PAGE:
• The ability to establish an environment which is physically and psychologically comfortable, open to interaction, based on cooperation, open and secure

• The ability to take responsibility for determining one's own learning needs

• The ability to set goals

• The ability to plan, implement and evaluate learning activities

• The ability to help learners to self-direct their learning

• The ability to be a facilitator and a source

• The ability to effectively use small group processes

• The ability to evaluate learning processes and outcomes (Knowles, 1977 cited in Kasworm, 1983).

Studies on self-directed learning show that the Turkish literature refers to the concept in a number of different ways. While some studies refer to it as learning by oneself, others use the term self-regulated learning or self-directed learning. The majority of self-directed learning studies seems to have been conducted with university students. Fewer international and national studies have taken secondary and high school students as their focus. Both descriptive and experimental studies have been conducted. Their design has largely been quantitative, with a few qualitative studies. Studies in Turkey have mostly adapted and used Fisher et al.'s (2001) “Self-Directed Learning Readiness Scale.” In addition, Guglielmino's “Self-Directed Learning Readiness Scale” was also preferred by some researchers. In addition, there are also scales developed by researchers, albeit in small numbers. These scales mostly aimed at revealing department related or field of study-related information (such as scales for field of science, scales to be used with teacher candidates, in laboratories, etc.), and did not used for measuring students' general self-directed learning skills.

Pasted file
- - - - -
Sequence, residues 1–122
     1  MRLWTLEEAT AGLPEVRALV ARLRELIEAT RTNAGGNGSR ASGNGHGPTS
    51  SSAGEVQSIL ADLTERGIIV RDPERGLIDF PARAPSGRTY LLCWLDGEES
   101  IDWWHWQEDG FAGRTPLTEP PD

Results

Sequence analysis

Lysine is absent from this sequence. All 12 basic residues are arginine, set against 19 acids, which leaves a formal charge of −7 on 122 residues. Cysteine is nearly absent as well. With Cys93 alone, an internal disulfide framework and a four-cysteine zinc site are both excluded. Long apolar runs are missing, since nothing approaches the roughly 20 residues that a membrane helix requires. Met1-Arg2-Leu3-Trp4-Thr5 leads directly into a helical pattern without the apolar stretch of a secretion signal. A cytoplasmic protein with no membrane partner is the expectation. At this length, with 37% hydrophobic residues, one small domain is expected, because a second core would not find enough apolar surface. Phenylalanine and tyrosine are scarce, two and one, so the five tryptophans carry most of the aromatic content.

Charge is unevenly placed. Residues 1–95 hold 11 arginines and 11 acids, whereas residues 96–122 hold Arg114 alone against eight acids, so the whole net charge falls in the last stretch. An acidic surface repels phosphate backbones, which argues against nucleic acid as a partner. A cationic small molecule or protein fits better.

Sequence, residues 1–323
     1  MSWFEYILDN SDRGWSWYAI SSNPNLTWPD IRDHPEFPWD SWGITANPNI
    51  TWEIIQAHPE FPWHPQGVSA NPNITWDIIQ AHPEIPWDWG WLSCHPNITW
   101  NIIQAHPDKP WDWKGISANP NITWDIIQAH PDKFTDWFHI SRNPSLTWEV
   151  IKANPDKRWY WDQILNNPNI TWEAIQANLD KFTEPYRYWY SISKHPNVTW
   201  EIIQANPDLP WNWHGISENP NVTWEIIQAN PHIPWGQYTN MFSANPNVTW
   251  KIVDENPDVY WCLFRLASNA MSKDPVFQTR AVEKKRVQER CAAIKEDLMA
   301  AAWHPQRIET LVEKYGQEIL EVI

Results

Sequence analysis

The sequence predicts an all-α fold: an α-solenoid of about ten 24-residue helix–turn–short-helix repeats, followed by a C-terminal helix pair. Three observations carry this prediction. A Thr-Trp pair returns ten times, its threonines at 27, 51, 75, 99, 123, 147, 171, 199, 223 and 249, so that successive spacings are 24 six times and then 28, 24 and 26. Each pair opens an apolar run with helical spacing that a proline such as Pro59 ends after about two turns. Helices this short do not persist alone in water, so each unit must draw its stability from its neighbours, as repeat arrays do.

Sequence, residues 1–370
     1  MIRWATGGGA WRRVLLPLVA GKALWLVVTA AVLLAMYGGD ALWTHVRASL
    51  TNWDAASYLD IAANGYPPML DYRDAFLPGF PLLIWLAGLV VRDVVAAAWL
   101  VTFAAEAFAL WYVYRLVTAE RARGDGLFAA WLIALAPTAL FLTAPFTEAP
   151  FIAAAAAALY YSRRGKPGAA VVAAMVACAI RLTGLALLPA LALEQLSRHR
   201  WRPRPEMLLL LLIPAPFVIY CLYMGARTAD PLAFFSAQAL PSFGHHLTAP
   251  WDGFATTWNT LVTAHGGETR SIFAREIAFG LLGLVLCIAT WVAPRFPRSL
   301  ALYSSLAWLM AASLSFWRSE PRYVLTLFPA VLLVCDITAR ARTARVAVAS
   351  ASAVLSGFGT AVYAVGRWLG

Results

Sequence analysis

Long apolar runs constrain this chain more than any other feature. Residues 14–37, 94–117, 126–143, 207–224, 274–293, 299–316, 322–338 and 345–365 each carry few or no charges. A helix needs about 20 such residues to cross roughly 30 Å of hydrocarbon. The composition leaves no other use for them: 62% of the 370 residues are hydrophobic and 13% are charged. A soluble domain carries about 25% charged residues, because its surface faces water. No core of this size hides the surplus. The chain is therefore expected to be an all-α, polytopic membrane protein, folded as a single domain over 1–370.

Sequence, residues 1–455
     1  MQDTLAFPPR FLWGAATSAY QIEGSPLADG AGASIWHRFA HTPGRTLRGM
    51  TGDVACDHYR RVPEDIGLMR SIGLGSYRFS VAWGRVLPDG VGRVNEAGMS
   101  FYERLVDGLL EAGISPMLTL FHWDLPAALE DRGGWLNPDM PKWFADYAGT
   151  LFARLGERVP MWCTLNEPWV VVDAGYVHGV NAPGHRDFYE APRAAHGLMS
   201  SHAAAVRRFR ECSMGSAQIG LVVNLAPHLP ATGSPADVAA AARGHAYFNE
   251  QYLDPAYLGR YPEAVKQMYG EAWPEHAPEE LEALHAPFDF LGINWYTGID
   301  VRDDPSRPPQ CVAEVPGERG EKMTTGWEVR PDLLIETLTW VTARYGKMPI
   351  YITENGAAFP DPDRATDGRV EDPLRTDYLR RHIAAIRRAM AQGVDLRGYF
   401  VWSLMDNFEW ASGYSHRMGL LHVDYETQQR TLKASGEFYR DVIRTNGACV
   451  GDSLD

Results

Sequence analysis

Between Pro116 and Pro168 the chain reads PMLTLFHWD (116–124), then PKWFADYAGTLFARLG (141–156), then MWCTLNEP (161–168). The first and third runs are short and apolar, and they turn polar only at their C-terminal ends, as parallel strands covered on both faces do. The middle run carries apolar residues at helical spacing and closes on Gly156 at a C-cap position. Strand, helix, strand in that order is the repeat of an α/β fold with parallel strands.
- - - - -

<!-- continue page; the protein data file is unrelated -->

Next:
In international literature a lot of studies have been about self-directed learning and there are many scale development studies have been conducted measuring self-directed learning skills (Guglielmino, 1977; Oddi, 1984; Fisher et al., 2001; Williamson, 2007; Hendry and Ginns, 2009; Stockdale and Brockett, 2010; Shen et al., 2014; Cadorin et al., 2017; Lopes and Cunha, 2017). Also in some studies there have been recommended models for development of university students (Aly et al., 2003; Mamary and Charles, 2003; Beach, 2017; Sawatsky et al., 2017). Most of the participants in the studies are university students and adults.